"The delta is interesting because it is complicated. The water users are its most powerful constituency. If the landscape remains a blank in their minds, how will they understand the value of other people's demands? The greatest threat to the Delta is its invisibility" (page 169, wild card).
A Beautiful Layering
Just as we learn that harvesting the first shoot of an asparagus plant sends out a second shoot, and the cycle continues through the season, a Delta Primer card game will continue to send up small shoots of information as the cards are reshuffled and the play unfolds. Of course, with the asparagus plant you may always expect another asparagus shoot, while this game deals out an endless series of contradictory, yet systemically intertwined, surprises.
The asparagus card reveals a sectional relationship of plant and earth, and a time cycle relationship between nature and human cultivation: "A. The peat soils of the Delta are suited to asparagus. B. Root stock has a productive life of up to 20 years. C. Roots are buried in a shallow trench. D. Soil is mounded against the growing shoots. E. One stalk emerges from the root at a time. F. When a stalk is harvested the root sends up another. G. The last stalk of the season is allowed to mature" (page 61, two of gardens). The best drawings on the cards maintain this rich relationship of multilayered drawing and text, and the side notes in the book offer a little dessert: "Asparagus is harvested by hand. The shoots are cut from below the ground with a special knife, tied into bundles, and collected in small carts." None of this would make it into a conventional exposition on a great river system with immense economic and environmental consequence. The knowledge and idea bits offered in the cards may add up to a more complex reading of a complicated landscape involving not just the abstract forces of nature and machines, but also of the intertwining beauty of chance collisions, benign and catastrophic. Flying over the delta, one reads the beautiful layering of natural flows and human ordering, construction and cultivation. At this height, the landscape becomes a fantastic painting projecting the complementary accomplishments of nature and civilization. Closer to the ground, the wonders of nature still exist, yet one also finds oneself caught by a wary attraction to the ingenious machinery of farming, mud-dragging, mining and transportation. But much ugliness, and greed, and thoughtlessness become evident as well, and there are vague insinuations of larger calamities that lie in wait. Jane Wolff's book and deck of cards deal out all of these sensations and understandings, and package them in a realistically unsettling context of chance and uncertainty.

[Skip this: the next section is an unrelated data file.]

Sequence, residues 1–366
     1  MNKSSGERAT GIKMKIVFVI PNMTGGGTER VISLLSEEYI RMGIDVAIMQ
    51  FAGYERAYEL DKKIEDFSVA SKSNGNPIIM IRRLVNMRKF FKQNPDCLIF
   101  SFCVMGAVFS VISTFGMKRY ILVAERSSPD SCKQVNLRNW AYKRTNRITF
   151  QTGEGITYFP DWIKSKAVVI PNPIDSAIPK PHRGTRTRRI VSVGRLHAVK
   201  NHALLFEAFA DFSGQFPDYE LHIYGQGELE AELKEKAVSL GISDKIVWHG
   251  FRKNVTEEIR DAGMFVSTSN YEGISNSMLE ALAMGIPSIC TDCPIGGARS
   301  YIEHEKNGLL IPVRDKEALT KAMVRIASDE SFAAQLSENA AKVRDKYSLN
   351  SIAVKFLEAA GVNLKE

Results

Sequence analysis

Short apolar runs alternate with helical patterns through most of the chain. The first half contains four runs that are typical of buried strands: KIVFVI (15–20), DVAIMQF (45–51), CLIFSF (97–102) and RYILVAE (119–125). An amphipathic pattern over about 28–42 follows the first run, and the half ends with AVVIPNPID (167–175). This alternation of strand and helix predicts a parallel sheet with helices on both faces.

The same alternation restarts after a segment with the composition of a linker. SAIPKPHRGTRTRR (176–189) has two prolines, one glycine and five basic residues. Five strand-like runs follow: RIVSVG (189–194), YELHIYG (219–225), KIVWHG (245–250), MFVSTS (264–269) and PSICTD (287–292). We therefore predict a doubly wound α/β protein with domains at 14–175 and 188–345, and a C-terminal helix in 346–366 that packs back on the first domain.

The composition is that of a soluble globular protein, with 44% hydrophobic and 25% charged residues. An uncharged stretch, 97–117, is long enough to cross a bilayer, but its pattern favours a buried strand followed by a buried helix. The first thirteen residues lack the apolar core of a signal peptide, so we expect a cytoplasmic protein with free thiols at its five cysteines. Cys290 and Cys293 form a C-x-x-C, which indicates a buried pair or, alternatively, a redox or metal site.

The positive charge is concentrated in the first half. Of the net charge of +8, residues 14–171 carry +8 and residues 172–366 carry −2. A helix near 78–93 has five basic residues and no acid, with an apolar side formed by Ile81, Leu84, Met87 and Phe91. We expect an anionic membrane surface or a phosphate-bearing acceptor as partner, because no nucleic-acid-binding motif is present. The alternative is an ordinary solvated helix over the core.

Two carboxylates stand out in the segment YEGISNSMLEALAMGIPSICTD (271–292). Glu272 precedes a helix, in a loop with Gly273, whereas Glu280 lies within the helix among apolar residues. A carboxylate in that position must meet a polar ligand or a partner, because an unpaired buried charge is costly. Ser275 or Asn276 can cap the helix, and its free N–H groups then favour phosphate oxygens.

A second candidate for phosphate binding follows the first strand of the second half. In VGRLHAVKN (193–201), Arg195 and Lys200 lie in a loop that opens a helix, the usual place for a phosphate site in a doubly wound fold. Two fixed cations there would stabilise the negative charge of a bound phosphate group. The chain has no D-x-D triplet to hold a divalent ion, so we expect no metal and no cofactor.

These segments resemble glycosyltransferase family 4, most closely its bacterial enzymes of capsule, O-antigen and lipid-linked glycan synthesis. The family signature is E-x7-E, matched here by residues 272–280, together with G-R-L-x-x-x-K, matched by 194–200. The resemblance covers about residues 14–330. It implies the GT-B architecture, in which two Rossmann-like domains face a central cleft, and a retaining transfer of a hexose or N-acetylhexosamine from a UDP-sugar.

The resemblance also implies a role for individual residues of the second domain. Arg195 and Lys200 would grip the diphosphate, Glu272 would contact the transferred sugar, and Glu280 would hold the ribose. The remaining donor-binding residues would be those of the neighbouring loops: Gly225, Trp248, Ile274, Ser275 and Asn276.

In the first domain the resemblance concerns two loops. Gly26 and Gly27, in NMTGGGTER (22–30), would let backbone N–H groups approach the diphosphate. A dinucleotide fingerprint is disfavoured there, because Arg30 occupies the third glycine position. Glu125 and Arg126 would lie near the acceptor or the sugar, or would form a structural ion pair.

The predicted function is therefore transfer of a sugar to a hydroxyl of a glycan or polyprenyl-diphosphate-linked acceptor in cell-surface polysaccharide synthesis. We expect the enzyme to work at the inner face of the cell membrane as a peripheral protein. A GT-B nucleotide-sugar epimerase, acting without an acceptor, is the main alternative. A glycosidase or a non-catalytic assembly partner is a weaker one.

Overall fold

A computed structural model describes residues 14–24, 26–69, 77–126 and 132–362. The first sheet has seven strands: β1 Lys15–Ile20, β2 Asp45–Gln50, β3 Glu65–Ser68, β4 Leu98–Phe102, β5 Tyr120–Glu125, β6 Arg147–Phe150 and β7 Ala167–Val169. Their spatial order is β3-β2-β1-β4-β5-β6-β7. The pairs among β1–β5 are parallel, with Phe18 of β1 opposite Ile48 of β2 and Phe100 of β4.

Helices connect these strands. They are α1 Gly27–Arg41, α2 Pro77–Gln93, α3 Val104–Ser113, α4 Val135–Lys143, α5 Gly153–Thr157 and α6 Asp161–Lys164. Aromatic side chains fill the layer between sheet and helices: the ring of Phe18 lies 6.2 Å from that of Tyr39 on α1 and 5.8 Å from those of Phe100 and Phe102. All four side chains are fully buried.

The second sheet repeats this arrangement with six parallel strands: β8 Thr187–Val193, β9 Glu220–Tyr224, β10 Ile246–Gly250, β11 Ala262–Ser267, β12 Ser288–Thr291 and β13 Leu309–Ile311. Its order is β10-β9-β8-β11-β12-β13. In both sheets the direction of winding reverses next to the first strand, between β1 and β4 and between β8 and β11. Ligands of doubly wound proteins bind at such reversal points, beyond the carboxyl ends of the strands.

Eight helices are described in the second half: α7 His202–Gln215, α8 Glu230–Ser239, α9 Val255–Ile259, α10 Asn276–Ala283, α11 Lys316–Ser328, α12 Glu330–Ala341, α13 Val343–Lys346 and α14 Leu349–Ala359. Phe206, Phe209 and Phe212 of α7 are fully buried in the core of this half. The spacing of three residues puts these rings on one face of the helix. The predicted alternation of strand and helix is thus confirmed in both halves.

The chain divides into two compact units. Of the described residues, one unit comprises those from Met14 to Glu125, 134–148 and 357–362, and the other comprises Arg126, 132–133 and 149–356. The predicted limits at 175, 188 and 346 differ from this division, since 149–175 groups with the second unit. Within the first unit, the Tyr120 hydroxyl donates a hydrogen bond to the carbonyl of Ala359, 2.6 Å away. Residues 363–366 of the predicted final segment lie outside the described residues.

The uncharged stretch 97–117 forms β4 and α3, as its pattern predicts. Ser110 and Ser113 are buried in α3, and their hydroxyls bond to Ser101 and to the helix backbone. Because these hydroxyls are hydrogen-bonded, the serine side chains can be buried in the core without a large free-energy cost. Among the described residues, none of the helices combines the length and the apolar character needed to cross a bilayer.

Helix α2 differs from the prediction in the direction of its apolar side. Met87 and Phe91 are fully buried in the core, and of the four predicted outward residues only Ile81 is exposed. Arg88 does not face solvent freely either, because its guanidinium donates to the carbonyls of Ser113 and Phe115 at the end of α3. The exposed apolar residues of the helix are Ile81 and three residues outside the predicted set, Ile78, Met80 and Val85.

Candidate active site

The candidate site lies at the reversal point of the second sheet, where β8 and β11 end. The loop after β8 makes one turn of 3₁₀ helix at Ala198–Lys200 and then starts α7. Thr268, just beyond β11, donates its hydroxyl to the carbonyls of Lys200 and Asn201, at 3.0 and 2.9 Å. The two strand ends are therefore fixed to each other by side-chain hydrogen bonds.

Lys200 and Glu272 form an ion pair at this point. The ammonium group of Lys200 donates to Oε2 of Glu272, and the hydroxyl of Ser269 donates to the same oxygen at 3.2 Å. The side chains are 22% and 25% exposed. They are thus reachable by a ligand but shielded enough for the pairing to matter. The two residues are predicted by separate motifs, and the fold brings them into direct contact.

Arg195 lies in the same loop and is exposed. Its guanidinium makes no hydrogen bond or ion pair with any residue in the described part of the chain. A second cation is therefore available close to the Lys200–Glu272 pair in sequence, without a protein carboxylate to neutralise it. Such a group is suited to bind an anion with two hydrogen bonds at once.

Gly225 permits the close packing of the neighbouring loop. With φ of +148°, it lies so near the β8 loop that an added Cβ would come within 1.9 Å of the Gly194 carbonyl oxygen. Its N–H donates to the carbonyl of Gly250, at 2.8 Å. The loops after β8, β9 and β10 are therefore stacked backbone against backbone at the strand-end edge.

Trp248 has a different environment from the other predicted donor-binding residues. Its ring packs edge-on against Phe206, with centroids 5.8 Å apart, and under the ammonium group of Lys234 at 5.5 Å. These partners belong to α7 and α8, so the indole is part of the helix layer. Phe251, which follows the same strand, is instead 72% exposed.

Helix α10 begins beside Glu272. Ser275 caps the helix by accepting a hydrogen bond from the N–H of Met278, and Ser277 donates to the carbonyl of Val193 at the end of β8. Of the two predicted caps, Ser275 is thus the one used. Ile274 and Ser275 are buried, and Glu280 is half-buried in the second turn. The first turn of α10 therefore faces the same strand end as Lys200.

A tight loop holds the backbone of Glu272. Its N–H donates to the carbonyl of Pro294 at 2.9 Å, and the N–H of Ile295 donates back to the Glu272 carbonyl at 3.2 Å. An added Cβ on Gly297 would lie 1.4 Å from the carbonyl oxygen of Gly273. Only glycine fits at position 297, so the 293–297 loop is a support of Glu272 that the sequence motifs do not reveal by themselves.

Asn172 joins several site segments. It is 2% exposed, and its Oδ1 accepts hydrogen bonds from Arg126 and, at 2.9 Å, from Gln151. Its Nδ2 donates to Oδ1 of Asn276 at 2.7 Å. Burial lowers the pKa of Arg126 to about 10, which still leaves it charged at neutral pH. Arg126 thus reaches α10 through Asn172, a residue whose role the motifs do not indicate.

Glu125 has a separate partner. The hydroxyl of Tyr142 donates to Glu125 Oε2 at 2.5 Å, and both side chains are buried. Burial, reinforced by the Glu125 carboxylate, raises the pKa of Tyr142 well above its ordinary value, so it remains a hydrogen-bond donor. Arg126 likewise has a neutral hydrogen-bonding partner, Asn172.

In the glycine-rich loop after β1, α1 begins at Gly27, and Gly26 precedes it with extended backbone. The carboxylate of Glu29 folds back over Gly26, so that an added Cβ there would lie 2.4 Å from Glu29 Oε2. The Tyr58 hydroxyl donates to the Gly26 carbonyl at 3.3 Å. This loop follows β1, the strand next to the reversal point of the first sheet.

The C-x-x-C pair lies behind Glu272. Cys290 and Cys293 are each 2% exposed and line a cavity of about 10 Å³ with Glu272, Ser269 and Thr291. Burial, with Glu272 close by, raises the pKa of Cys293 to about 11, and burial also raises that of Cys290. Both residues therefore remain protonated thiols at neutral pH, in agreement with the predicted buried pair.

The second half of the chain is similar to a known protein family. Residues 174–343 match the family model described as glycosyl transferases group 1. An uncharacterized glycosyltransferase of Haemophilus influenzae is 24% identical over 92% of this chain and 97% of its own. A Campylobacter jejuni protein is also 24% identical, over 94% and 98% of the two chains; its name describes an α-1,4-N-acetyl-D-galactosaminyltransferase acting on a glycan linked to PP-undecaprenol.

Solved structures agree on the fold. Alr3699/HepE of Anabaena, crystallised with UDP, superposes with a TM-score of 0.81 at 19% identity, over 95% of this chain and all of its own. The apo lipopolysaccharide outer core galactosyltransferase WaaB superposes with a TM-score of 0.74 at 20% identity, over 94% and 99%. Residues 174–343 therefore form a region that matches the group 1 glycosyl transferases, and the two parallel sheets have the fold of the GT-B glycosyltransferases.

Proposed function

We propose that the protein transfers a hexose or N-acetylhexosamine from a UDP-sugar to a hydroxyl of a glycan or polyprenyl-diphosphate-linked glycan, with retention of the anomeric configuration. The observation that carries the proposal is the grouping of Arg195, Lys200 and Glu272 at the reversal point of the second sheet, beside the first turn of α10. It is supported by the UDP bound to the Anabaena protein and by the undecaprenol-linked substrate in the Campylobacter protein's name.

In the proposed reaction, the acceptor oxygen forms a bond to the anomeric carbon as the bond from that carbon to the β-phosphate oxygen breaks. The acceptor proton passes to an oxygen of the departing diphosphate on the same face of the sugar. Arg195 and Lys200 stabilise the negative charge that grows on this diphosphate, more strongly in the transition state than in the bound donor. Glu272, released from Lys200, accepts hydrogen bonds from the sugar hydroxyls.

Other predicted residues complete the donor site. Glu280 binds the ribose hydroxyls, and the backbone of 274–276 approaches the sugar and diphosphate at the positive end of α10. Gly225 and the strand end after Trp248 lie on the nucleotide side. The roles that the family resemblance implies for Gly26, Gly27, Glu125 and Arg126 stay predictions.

If there is one problematic aspect to this production it is that the reproductions of drawings and maps in the book are too small to provide a generous reading beyond the more dynamic experience and logic of the cards. While the best drawings offer the greater power of richly layered and integrated drawing and text, in some cases the drawings become mere illustrations, and the text becomes mere caption. Despite these few reservations, one appreciates the wide-ranging insights and ideas, and their deceptively simple presentation. But the experience is most powerful after one has spent a little time shuffling the cards, and dipping erratically through the pages of the book. This is an unexpectedly subtle, sympathetic and approachable introduction to a complex and beguiling landscape that holds terrifying implications for a complicated and populous state.
A pretty deck of playing cards offering a good time and a painless education may be an ingenious way for Jane Wolff to make the delta visible to its enormous public constituency: "The greatest threat to the delta is its invisibility" (page 169 again, wild card).